The Source

Consciousness is also the source of existence. Whether you believe in a personal Creator god, or not, consciousness is really the source of reality. At the most obvious level, everything that you know and perceive is seen through the lens of the mind, and so for you and every other individual, reality originates in the mind. Penetrate to less obvious levels and you reach the realm of ontology (the branch of philosophy dealing with the nature of being). Many religions describe the process of the creation of the universe involving God or gods or so on. But what’s really happening in these stories? Creation originates in the minds of these deities, who are conscious beings: which is to say, creation began with consciousness. Even if they are completely above and beyond ourselves, if they are conscious, they utilize the same process of at least root-consciousness as we mortal and mundane beings do. No matter how you slice it, if there is a Creator or creators, physical existence originated in consciousness. On the other end of the spectrum of generally accepted ontological opinions, there is science. You might be surprised to learn that modern science says that conscious observers are responsible for reality’s organization as we see it; that is, we create history by observing it, rather than just observing history creating itself and us. Thus, top-down causality has been proven infeasible. Reality is not rigidly defined the way we conventionally consider it to be: it’s a) ever changing, and b) dependent upon our consciousness to determine how it will arrange itself. *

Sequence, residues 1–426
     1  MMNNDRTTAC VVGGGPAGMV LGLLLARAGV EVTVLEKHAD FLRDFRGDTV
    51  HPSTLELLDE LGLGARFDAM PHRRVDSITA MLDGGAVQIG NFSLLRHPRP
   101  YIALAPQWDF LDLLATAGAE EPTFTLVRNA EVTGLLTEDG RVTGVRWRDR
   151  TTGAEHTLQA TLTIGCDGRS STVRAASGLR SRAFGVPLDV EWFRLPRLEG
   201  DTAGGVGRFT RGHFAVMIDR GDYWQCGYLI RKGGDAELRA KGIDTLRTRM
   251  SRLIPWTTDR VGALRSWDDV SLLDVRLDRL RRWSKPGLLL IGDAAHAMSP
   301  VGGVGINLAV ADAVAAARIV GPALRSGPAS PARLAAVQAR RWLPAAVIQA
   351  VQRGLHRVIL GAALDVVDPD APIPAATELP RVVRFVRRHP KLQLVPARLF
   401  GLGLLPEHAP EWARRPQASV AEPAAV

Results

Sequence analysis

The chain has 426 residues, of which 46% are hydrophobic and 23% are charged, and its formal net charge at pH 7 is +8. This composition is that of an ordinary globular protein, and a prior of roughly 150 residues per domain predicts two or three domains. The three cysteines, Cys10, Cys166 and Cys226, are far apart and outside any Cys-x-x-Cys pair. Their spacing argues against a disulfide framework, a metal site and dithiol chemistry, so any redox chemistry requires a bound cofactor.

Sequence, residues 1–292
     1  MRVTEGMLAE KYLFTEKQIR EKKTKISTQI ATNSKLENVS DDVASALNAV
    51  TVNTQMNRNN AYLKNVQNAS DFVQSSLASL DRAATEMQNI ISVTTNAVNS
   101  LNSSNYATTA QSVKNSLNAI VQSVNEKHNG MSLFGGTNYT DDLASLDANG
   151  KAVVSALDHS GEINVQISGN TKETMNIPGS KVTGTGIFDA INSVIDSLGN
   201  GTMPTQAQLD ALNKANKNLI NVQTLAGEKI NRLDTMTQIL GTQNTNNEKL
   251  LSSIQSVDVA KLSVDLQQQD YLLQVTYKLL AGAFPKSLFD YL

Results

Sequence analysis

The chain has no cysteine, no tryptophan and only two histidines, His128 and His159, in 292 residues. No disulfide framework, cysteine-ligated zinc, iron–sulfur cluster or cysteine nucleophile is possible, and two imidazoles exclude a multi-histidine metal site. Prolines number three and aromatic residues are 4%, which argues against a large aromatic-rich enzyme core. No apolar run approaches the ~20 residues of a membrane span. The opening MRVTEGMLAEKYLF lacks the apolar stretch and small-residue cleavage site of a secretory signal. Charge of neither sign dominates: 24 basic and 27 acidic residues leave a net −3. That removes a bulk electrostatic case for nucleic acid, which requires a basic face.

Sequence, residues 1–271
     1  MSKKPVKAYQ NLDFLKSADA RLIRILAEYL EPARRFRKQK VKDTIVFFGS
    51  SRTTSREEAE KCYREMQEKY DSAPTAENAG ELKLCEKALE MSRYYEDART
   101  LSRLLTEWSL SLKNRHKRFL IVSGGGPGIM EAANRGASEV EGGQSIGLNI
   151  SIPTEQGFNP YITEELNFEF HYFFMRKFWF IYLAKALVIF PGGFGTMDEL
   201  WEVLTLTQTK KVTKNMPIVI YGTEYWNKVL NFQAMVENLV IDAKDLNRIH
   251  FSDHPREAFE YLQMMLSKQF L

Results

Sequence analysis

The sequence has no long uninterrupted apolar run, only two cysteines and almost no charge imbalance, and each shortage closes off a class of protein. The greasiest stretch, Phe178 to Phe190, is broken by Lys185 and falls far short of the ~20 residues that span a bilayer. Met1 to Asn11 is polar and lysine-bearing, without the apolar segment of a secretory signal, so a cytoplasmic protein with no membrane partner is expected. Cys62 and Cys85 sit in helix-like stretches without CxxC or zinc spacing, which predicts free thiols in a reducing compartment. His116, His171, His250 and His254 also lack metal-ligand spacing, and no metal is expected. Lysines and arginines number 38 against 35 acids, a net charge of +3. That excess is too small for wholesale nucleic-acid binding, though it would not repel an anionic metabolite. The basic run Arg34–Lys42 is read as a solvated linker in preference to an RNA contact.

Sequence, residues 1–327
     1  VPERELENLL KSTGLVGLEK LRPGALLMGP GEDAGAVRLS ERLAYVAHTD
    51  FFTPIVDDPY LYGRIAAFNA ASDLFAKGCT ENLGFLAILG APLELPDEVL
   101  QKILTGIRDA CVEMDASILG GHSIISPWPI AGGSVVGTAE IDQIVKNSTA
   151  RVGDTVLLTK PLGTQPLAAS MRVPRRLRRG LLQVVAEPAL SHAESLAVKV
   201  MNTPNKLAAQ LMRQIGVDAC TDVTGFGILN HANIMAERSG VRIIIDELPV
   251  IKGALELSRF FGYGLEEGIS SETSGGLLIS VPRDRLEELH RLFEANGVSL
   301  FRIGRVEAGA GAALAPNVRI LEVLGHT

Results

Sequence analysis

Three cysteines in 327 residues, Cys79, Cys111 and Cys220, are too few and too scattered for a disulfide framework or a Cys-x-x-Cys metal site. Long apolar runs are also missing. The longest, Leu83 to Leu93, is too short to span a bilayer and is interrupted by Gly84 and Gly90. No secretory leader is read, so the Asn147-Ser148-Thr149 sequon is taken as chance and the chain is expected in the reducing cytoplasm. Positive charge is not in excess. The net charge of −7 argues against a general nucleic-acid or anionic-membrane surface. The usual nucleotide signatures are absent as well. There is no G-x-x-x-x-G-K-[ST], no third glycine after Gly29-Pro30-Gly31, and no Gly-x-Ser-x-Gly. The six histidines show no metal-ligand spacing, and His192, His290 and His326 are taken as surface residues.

*There are 3 main views of the nature of reality. Creationism, emanationism, and materialism. This paragraph addressed creationism and materialism, but not emanationism for simplicity’s sake. Emanationism is, however, just as much if not more in support of the notion of consciousness being the origin of existence in some way.

The Mind

Let’s broaden our scope a little further to include the mind as a whole, which includes – in addition to consciousness and the senses – feeling, perception, and mental formations or dispositions. To expand on the previous paragraph’s ontological discussion of the implications of consciousness, let us examine things from a more psychological perspective. Reality (that is to say, a reality) exists, but not in the manner of which we are accustom to talking about. This usual way of speaking about phenomena is an impossible manner of existence. Our mind takes in sensory information and engages with it through consciousness and then we see everything imbued with qualifiers and statements of being. What’s more, positive or negative feelings about what we perceive arise, and then our mind fits what we perceive in with our deeply ingrained mental dispositions (schemas). The positive or negative feelings which arise we tend to mistake as genuine perception of some aspect of the phenomena which we experience, and the influence of our mental dispositions is nearly always ignored or forgotten.